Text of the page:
Neil Young thought he was going to die, so he recorded an album. It’s what you do when you’re an artist, try to get those last thoughts out. The album he recorded was called Prairie Wind, and it’s one of his quiet records (Neil Young is notable for the manic-depressive aspect of his music, in that he can alternate an album of speaker-shredding feedback with an album of acoustic country tunes. The only other artist who chafes at boundaries and categories in the same way is Bob Dylan, and I don’t think he’s ever been as drastic as Young), filled with meditations on his youth, the passage of time, the way the world changes, and most of all, death.
He didn’t die, on the off chance that you didn’t know that already. He got better, and when the album was finished he gathered his band – most of whom he has been working with for 30 years or more – and he did two shows in Nashville, in the Ryman Auditorium, once home of the Grand Ol Opry in its heyday, and arguably one of the most important buildings in American musical history. The people coming to the shows didn’t know the album, since Prairie Wind had not yet been released. Young and the band played through the album, in order, and finished up with old classics and favorites, and the two nights were documented by Jonathan Demme, who had made concert film history with the Talking Heads film Stop Making Sense.
Concert films feel like a thing of the past, before the opportunity to see a great live act on TV or DVD seemed ubiquitous. Walking in to Heart of Gold I was concerned that my attention span, which has received a Dresden-like bombing from MTV, the internet and video games over the last few decades, wouldn’t hold up, that I would be hopelessly bored by the almost elderly Young playing his beat up guitar. What I underestimated is the power of performance, something that MTV doesn’t seem to trust. A great performer on stage is magnetizing – you don’t need a laser show or grand mal editing to make it more interesting. Once the performance begins in Heart of Gold you’re grabbed, and you’re rapt until that last song, a solo acoustic number by Young playing to an empty auditorium.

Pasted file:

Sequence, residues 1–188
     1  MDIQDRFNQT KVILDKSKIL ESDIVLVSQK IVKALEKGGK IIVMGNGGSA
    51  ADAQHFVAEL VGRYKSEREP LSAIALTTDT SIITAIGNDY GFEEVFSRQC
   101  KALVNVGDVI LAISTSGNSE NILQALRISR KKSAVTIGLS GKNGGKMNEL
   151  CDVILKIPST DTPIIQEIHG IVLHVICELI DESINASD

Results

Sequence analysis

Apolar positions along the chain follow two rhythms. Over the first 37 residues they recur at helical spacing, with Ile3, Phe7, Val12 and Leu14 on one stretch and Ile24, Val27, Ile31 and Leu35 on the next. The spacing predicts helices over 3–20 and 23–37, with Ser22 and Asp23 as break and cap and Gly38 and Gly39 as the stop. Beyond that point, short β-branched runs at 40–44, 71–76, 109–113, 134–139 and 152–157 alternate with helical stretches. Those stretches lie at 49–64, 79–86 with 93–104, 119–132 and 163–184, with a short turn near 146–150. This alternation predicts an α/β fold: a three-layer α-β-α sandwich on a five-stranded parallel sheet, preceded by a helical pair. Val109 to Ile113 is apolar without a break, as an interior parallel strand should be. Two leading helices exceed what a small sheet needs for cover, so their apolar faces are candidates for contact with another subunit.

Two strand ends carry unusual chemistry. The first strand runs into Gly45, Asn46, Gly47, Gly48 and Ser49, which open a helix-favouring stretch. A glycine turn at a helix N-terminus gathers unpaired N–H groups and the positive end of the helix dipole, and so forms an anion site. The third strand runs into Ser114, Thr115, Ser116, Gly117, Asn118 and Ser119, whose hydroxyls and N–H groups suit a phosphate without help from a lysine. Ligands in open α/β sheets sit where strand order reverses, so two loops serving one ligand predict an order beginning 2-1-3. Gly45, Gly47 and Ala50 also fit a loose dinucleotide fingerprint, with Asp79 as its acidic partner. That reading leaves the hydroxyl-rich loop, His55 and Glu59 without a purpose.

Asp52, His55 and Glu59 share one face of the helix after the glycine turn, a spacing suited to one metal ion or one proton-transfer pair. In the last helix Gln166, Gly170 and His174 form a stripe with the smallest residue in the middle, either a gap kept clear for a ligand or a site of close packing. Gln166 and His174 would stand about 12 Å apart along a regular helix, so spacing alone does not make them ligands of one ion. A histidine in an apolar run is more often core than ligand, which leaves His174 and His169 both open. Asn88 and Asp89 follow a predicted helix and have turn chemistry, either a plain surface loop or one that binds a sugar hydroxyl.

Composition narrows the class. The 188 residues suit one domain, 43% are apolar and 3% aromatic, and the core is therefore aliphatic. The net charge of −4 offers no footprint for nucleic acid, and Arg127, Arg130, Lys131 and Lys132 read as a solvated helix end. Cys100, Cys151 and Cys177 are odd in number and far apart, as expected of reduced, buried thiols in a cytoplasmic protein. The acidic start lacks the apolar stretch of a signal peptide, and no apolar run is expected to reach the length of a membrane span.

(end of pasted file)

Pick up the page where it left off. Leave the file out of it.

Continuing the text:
Demme weaves together footage from the two shows (and, I suspect, a dress rehearsal) into a seamless whole. I was only able to catch sight of one wandering cameraman during the film – your usual MTV-style concert footage is filled with cameramen and sound guys half the time, lending the performance a distancing arena feel. Demme’s movie is up close and personal, creating a conduit of communication between the artist and the audience, one where we’re invited into Young’s melancholy musings. Demme has an incredible eye for the silent messages that pass between musicians, and his camera picks up wonderful moments of connection – eyes locking, a small smile, a nod. It’s the interplay of minds in action, and it’s not something a lesser director would bother with.
If there’s any downside to Heart of Gold it’s that Prairie Wind isn’t the album it could be. It’s touted as the third in a trilogy that began with Harvest Moon and Harvest, and thematically and aurally it’s similar, but the songs on Prairie Wind play like echoes of the older, better songs. They’re not bad, exactly, but they’re not great. On CD the songs are easy to ignore, but on stage Young’s presence makes them immediate.
One of the best moments in the film comes about halfway in – Young reveals that the guitar he’s playing once belonged to Hank Williams, the great grandfather of rock n’ roll, and one of the all time greatest country artists. Hank had played the Opry when it was in the Ryman, and he had been fired, a victim of the country music establishment’s ever short-sighted inability to recognize the true talents. That guitar, a veritable holy artifact (not only had Hank Sr owned it, but Young had written Heart of Gold and Old Man on it years ago), made a pilgrimage back to that hall, and it’s a heavy and great moment, punctuated by the Ryman’s stained glass, church-like windows. It’s part of the sense of history and continuity that permeates the film, as Young sings a favorite Canadian country song from his youth and bellows ballads about growing up a young man on the Canadian plains.
Neil Young isn’t the lanky, shaggy rebel who wrote Ohio in hours. He’s heavier, a little bloated, taking on an aspect of the Akroyd in some ways, but that voice is still there – a battered, nasally, almost screechy voice that’s perfectly fucking evocative. Watching his face it’s like it hurts him to sing that way – he contorts and scrunches up his features, birthing an emotion with each note.
Heart of Gold isn’t just about two concerts. It’s about the family of musicians Young has built up around him, it’s about the communion between an artist and his audience, and it’s about the moments we have left. It’s a gorgeous and often moving film that captures the essence of Neil Young’s acoustic work perfectly.